Friday, September 26, 2008

What do job seekers think about your department?

Just as organisations can use social network sites to judge the relative merits of potential staff (per my post Locating and learning about future public employees), websites are allowing people to judge the relative merits of potential employers.

How does your department rate?

There's no doubt that people research potential employers online, and in a 'seller's market' for skilled labour it's critical for employers to put their best foot forward.

There are some fantastic job seeker/careers sections in organisational websites - with IBM, Microsoft and Intel having always stood out for me as offering exceptionally good information for job seekers - not surprising given the calibre of the people they wish to attract.

My agency is progressively improving its job section for a similar reason. There's a limited pool of talented people and we need to present them with good reasons as to why they should choose us over other organisations - whether public or private.

What should be in a jobs section
Some of the features I consider important in a jobs section include;

Procedural information
  • Complete job information - everything a job seeker needs to apply online
  • Support tools to make it easier to apply for jobs - particularly for those who are not good at expressing themselves on paper (but shine in interviews) or are unfamiliar with the documentation required by your organisation (such as public sector selection criteria)
  • Explanation of the process and timeframes for recruitment (so they don't take another job when they've heard nothing for four weeks) - even better is to provide a 'package delivery' model whereby they can log in to see where their job application is up to in your process at any time (like Fed Express and DHL)
Organisational selling
  • Information helping employees to understand your organisation's purpose and goals
  • Details on why your organisation is a good place to work (pay is rarely the top reason!)
  • Social aspects of your organisation - how do the strangers you employ become part of your organisational family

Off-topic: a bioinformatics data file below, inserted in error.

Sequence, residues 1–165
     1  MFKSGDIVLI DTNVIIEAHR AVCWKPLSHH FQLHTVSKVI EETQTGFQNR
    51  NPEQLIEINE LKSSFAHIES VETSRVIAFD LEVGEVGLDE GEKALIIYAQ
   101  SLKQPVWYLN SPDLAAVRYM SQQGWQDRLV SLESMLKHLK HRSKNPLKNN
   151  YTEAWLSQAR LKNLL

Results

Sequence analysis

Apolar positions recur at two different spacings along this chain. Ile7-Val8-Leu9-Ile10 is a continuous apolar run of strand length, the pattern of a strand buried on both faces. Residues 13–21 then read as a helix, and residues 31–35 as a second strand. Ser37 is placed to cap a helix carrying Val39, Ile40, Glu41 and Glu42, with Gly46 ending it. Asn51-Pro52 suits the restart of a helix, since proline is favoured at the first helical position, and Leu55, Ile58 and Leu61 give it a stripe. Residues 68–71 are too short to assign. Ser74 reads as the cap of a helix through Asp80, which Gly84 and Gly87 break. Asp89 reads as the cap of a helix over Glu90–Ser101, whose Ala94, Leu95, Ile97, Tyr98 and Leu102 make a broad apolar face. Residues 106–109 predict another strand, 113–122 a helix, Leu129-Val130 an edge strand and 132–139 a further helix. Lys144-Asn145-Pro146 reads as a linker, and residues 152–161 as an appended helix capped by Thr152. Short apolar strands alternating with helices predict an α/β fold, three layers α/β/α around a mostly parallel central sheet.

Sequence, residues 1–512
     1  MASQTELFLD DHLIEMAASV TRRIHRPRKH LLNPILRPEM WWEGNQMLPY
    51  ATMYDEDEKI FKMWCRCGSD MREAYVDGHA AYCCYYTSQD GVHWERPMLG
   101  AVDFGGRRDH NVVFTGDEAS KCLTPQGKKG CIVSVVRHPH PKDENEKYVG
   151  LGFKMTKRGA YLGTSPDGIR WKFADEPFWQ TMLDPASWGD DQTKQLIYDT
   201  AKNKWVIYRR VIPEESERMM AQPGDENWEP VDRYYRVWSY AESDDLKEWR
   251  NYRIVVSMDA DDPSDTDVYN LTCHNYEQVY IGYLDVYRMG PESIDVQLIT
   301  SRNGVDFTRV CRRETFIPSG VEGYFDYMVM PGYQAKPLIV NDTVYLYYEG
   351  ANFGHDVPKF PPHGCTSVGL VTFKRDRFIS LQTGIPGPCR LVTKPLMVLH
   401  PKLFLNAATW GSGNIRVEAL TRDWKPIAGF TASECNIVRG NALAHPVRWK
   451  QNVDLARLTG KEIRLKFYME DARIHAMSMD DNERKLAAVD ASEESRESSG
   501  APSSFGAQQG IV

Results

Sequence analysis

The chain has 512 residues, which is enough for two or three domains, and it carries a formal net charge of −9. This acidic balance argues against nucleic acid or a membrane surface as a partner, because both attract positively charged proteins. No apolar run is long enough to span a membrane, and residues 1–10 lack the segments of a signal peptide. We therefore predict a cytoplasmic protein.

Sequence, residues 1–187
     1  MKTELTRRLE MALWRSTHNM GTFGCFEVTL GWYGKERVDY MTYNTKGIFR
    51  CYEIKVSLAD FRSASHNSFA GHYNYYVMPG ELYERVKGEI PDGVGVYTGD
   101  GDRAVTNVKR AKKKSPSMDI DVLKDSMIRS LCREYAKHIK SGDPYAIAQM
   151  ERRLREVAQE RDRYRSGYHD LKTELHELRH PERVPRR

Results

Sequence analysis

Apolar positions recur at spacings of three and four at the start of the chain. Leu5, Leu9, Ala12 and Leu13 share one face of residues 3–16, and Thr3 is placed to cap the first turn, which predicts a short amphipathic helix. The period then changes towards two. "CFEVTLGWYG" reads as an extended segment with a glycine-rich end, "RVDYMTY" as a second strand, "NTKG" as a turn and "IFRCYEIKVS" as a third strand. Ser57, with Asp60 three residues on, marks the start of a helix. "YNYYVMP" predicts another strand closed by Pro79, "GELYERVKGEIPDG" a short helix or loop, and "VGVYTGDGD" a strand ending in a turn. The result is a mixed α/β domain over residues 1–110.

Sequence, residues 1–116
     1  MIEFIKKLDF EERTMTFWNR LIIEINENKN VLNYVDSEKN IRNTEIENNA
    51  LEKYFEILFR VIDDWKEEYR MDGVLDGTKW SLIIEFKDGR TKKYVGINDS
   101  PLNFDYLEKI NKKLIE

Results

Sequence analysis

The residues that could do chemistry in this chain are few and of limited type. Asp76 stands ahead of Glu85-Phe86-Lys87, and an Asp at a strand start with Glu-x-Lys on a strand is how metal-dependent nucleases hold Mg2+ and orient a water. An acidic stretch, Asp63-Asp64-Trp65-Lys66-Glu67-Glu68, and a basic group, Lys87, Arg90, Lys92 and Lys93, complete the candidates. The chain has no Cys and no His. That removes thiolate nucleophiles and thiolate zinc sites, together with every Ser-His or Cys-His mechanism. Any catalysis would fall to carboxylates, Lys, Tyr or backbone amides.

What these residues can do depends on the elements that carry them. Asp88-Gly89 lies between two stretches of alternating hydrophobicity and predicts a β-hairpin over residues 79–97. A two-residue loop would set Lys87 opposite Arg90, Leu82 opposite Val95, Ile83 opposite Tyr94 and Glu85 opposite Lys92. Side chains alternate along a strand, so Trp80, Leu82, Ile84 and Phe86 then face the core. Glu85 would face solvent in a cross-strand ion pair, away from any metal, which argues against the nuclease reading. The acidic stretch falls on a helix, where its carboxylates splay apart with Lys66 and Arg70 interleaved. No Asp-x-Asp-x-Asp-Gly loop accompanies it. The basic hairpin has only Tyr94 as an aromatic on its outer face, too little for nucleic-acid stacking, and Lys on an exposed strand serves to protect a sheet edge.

• Developmental opportunities, training and challenges
  • Community initiatives - how does your organisation participate with the broader community and 'give back' effort, time and support

Locational information
  • Information (profiles) on your locations (what it's like to work in particular offices)
  • Support for people who may be relocating (particularly for Canberra or country town locations)
Career profiling
  • Profiles of different career tracks and jobs in your organisation, based on people doing those roles and why they like them
  • Career selector tools which support people in finding the jobs in your organisation which best match their disposition and skills (such as at DEEWR's Jobjuice site) 

Beyond your own website
It's also important to consider factors beyond your own website.

Job seekers are influenced by their peers, by news and community sites, social networking sites, online encyclopedias, by recruitment websites and by specialist employer rating sites such as Glassdoor (discussed in the Sydney Morning Herald article, In good company).

Personally I keep a eye out on highly influential sites for Australians, such as LinkedIn, Wikipedia and Facebook, as well as the job sites and popular forums discussing child support topics.

I also monitor where people go when entering and exiting our websites, which provides an indication of other sites which may influence job seeker preferences.

What does your organisation do online to help attract the best applicants?

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